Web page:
There are only three projectors in the entry level price category, with the Mitsubishi HC4900 and the Sanyo PLV-Z2000 seeming to slug it out for the lowest price, depending on the promo of the month. Definitely more expensive, is the Panasonic PT-AE2000U.
Out of the Box Projector Performance
Both of these projectors are what I would describe as very good consumer projectors, appealing to most home theater projector buyers, but not the hard core enthusiasts. The enthusiast doesn't mind, and more often, looks forward to 'tweaking" their new projector, for color accuracy, black levels, and more, while most folks just want one that works well, "out of the box."
Both of these projectors actually do a very good job out of the box, in terms of color accuracy, however, I would have to give the advantage to the Panasonic. Glancing back at my original reviews and commentary, I typically described the PT-AE2000U as very good, and the HC4900 as good. To provide perspective, there is, I think, only 4 projectors out of the twenty in the whole comparison, that I describe as excellent, and three are JVC projectors selling for roughly $5000 and up.
Of course, if you are "into it" both projectors can be improved upon slightly. For more on that see the calibration section of the original reviews.
In "best" mode, the PT-AE2000U is notably brighter than its predecessor, the PT-AE1000U, and can now be considered just average in brightness among all of the home theater projectors in this review. We measured it at 388 lumens.
By comparison, the Mitsubishi is significantly brighter, with a measured 688 lumens, making it by far, the brightest of all the 3LCD projectors tested, and brighter than all but a handful of "light canons" most of them between two and five times the price.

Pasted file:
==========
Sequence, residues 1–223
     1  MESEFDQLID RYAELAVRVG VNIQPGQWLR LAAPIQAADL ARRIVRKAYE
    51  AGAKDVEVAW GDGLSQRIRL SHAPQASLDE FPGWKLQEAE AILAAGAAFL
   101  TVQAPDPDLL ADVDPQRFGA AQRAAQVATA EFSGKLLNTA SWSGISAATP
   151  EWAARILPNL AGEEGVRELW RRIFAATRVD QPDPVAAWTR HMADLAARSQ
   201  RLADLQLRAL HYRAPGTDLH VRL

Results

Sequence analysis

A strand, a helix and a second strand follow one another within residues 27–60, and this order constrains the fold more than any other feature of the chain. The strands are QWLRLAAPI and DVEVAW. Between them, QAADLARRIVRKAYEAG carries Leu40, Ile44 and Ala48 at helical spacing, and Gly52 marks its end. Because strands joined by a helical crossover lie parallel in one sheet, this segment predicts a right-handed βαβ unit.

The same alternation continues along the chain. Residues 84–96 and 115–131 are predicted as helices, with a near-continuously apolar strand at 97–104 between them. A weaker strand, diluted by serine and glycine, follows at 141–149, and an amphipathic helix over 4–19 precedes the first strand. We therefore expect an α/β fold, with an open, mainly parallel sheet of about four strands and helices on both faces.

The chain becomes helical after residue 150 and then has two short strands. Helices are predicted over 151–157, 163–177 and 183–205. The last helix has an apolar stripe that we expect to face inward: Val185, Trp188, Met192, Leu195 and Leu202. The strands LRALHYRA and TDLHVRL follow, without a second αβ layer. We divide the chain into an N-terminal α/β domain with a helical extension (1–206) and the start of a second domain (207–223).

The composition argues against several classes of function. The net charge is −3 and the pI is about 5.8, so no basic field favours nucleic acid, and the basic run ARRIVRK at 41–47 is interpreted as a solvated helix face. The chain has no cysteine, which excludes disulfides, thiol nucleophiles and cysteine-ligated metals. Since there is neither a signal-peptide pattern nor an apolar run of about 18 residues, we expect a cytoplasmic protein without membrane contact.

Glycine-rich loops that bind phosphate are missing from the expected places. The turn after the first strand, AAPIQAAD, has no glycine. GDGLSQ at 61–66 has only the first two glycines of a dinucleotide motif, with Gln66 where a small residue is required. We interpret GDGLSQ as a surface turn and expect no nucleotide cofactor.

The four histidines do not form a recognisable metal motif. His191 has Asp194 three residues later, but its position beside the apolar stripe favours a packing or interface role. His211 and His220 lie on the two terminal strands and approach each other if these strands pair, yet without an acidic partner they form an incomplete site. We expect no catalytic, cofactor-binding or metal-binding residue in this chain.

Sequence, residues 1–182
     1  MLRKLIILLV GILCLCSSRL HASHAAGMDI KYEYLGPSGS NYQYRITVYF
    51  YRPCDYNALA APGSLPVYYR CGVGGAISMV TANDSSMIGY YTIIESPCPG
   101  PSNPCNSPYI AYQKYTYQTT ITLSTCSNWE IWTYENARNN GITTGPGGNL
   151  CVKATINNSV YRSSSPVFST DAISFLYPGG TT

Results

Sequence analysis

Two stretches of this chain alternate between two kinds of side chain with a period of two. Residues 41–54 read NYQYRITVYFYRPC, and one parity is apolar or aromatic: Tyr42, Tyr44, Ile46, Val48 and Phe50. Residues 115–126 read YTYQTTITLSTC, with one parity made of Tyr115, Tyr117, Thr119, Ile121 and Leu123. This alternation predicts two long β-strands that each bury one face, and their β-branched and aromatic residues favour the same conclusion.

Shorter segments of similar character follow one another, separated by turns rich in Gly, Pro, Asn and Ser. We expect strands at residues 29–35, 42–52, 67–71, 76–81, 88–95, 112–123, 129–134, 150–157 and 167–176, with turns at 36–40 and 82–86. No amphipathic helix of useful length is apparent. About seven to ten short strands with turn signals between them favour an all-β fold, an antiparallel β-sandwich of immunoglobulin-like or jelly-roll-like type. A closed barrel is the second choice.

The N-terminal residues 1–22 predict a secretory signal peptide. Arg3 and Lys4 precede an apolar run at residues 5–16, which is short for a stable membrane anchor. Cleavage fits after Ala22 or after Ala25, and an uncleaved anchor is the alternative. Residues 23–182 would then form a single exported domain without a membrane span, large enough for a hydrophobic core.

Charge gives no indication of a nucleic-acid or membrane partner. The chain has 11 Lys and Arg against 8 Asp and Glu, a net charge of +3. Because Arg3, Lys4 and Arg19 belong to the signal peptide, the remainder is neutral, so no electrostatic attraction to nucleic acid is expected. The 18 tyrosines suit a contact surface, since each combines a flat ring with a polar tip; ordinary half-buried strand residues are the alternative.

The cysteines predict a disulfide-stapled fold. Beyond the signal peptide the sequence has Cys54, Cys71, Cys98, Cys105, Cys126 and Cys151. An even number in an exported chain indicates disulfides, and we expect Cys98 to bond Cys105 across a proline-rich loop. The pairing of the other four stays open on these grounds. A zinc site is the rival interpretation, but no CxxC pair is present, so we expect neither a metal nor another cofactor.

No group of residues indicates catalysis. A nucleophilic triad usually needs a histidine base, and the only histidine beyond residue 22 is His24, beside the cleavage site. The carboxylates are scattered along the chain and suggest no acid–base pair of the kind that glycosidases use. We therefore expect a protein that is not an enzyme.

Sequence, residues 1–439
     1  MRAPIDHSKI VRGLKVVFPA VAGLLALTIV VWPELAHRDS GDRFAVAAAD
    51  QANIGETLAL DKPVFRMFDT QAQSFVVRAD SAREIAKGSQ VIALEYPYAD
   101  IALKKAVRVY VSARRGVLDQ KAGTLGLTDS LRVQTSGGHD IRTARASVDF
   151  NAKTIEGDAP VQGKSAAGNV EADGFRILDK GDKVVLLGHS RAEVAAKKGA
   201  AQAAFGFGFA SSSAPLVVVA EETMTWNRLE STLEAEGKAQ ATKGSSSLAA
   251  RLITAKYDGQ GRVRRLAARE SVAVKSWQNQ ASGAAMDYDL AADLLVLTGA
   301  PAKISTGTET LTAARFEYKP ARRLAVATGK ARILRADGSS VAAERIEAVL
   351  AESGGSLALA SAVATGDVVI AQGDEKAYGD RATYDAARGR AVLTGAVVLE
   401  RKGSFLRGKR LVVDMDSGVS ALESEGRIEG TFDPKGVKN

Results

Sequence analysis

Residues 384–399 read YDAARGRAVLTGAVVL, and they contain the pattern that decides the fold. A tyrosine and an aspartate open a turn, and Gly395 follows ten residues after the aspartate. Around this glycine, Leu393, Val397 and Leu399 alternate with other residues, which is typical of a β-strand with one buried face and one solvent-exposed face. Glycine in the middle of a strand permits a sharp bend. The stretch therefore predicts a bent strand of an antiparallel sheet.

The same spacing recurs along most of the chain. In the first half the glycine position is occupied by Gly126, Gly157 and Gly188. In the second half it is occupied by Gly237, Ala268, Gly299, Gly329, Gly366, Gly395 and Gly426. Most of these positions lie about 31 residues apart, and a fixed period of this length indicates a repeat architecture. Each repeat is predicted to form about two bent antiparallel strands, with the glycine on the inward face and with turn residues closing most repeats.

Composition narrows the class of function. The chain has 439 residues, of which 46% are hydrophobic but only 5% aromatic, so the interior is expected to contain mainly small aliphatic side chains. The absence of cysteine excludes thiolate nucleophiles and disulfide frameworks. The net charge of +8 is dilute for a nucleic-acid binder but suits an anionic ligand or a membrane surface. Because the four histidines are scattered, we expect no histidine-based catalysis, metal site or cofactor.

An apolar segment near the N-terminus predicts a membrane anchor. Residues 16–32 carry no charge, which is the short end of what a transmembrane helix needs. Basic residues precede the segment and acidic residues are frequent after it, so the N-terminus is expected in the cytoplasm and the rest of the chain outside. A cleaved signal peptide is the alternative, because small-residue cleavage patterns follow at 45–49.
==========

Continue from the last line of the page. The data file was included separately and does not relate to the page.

Things change though, when you need maximum lumens. In that case, these two projectors are much closer together, with the Panasonic having a slight advantage, with 1019 lumens compared to the Mitsubishi's 962 lumens. Considering the measurement accuracy, and other points like how many hours were on the projectors when I received them. Let's just say, that in brightest mode they are a tie.
That difference in "best" mode, though is very significant, and certainly gives the HC4900 projector a big advantage for the "family room" crowd, those without the ability to fully darken their rooms even in the evening. For that matter, also those who want a little light on, even when movie watching (that would include my wife).
Another group that will favor the HC4900 are those who are primarily movie watchers, but want very large screens - say 120" diagonal and up, where the Panasonic simply runs out of steam. In best mode, the HC4900 can easily handle my own 128" diagonal screen, but the Panasonic, is probably not a good choice for anything above 110". By the same measure, the Mitsubishi is probably too bright for anything below 100" diagonal if you want anything even remotely resembling "blacks".
The Panasonic, as I said, is average, in "best" mode, or perhaps just below that - I normally say 400-450 lumens. Coming up 12 lumens short, is well within the margin of error.